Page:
In our two previous blogs, we talked about influencer marketing and the importance of data for measuring campaign success (Section One). We also mentioned the impending changes brands using influencers are likely to phase as leading platforms stop using cookies and discontinue other forms of tracking in (Section Two).
This blog picks up where the last two left off and continue our conversation with influencer-marketing expert Isaac Simpson. We talk more about measuring digital marketing, experiential marketing, and influencer marketing campaign performance in a world without cookies.
Just a few years ago, brands using influencer marketing were simply looking at the number of followers a potential influencer could help them reach. Today, more brands are starting to look beyond numbers.
They are considering the engagement and authenticity of a person’s following over and above pure numbers. Authentic followers tend to convert more than bought followers. Bought followers may help an influencer buffer their numbers, but brands only benefit if followers are truly ready to engage with them.
The Four Stages of Campaign Success
Based on these considerations, we can look at four stages of campaign success:
In that respect, influencer marketing is no different from other forms of (digital) marketing. The stages form a process or a funnel. Measuring success at each stage requires different metrics. In most cases, conversions will be the easiest figure to measure.
In fact, we could go as far as saying that – aside from banner ads or Google Ads – influencer marketing conversions are among the easiest marketing metrics.
(You can listen to the full episode of the podcast below.)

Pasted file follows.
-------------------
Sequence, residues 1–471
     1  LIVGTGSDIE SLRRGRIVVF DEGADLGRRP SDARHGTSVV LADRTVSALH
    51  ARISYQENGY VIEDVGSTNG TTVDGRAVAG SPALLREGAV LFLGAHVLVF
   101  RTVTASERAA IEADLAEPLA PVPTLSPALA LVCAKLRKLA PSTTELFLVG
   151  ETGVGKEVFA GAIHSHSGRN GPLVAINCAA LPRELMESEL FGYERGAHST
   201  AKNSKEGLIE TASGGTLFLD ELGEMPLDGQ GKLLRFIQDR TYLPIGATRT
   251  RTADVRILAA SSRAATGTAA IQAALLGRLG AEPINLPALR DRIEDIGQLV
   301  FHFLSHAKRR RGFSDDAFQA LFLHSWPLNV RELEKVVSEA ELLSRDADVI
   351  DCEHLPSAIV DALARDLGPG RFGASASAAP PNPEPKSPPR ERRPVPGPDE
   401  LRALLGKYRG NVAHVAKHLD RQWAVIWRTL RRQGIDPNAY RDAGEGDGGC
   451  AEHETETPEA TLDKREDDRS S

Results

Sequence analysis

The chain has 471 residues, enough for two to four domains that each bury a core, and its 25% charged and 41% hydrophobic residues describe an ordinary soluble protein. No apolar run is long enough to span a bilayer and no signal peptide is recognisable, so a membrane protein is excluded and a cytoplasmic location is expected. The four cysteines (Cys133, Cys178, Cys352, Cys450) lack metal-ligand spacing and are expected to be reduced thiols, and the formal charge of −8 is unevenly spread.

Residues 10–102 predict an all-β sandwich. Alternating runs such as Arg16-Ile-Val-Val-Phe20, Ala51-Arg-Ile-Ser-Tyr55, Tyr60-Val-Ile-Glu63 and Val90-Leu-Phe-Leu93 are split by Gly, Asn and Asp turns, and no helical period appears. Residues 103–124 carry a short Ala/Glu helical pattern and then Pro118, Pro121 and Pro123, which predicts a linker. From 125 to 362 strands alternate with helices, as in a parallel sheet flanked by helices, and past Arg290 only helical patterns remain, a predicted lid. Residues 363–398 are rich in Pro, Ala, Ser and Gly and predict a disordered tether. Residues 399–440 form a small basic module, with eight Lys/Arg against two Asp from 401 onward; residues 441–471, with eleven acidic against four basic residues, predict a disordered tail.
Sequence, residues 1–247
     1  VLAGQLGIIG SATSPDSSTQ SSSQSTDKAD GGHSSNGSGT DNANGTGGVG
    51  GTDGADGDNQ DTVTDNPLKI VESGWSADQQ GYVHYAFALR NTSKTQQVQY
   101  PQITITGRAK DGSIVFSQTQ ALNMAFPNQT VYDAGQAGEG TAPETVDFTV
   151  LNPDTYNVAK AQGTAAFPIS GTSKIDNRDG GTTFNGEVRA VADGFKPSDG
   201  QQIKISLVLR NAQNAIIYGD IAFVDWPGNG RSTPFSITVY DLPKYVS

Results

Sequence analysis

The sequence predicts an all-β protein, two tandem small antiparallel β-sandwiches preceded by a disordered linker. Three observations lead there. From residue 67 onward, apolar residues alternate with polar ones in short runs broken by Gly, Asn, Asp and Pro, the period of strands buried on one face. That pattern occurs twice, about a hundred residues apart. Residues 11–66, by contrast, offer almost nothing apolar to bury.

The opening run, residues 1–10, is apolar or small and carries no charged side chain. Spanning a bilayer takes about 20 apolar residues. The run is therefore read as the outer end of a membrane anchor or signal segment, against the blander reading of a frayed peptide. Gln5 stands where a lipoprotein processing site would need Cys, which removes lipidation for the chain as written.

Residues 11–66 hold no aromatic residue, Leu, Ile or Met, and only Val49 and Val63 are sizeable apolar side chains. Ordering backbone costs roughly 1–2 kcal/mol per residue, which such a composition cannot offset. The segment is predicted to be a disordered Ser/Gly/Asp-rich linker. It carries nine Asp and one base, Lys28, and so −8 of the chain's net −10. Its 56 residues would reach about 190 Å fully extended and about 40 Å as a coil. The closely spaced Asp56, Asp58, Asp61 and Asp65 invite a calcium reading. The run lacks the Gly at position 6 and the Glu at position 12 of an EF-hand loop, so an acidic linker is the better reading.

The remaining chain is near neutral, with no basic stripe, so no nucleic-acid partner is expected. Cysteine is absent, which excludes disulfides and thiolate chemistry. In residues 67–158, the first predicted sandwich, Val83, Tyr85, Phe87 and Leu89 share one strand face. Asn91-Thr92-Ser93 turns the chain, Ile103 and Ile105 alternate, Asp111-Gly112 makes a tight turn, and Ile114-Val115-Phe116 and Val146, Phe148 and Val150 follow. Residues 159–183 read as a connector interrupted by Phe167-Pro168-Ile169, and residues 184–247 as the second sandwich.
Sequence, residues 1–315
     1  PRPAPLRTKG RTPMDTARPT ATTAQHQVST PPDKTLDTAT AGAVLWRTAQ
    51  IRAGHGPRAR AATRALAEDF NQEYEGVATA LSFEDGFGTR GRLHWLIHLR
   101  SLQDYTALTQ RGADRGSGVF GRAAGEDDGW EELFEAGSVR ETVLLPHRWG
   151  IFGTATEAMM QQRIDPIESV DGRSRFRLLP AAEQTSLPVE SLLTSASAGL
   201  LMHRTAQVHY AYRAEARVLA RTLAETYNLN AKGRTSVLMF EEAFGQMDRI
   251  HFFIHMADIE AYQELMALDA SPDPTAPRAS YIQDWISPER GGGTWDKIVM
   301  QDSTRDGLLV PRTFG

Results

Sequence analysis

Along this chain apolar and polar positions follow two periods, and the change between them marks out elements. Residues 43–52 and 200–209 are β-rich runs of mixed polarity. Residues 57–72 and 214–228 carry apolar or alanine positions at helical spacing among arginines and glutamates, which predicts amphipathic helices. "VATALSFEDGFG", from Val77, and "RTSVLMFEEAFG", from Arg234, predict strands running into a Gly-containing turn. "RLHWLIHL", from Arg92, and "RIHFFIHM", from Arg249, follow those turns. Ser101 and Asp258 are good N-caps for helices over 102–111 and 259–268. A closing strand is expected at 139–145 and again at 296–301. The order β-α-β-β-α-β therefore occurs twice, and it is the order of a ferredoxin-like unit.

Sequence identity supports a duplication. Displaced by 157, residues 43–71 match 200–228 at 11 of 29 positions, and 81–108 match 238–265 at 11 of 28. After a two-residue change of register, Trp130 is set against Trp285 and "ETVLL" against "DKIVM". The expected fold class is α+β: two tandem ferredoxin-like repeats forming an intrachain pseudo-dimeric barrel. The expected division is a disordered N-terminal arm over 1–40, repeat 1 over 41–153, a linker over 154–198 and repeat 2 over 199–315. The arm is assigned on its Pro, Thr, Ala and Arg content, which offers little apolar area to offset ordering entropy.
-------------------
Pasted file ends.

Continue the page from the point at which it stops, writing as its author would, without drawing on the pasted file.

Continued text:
Conversion and Attribution
One of the simplest ways to measure conversions is by giving consumers a discount code and measuring how many people use the code. For most campaigns, redemptions will sit around 10%, leaving some clients disappointed. Other influencer campaigns just pop. The difficulty for marketers lies in identifying why one post has worked while another went unnoticed.
The same is true for working with one influencer over another. Influencer marketing expert Isaac Simpson cites the example of a new cannabis company that was working with one kind of influencer with moderate success. When they switched to a different type of influencer, their campaigns started converting.
Knowing Your Audience
It’s hard to argue with the conversions, but it is worth considering what helped shift the gears for this particular company. In some cases, even industry experts admit that it is more art than science. However, knowing your audience is critical as is knowing where your audience is looking.
But even with that level of knowledge, it is not always possible to attribute the first three stages clearly. Going back to the change of influencers in our example the first influencer could have created a lot of awareness. The second person then reaped the benefits of approaching an audience that was ready to convert.
That is where the art of influencer marketing meets the science of data and measuring campaign performance. For data scientists, this is a hard thing to accept. That is why we focus on quantification in part two of this blog.
Isaac Simpson is a freelance copywriter and creative director at Gold Front. He has appeared as a marketing expert in The Boston Globe, Morning Consult, and DigiDay. To learn more about Isaac, visit his LinkedIn page.
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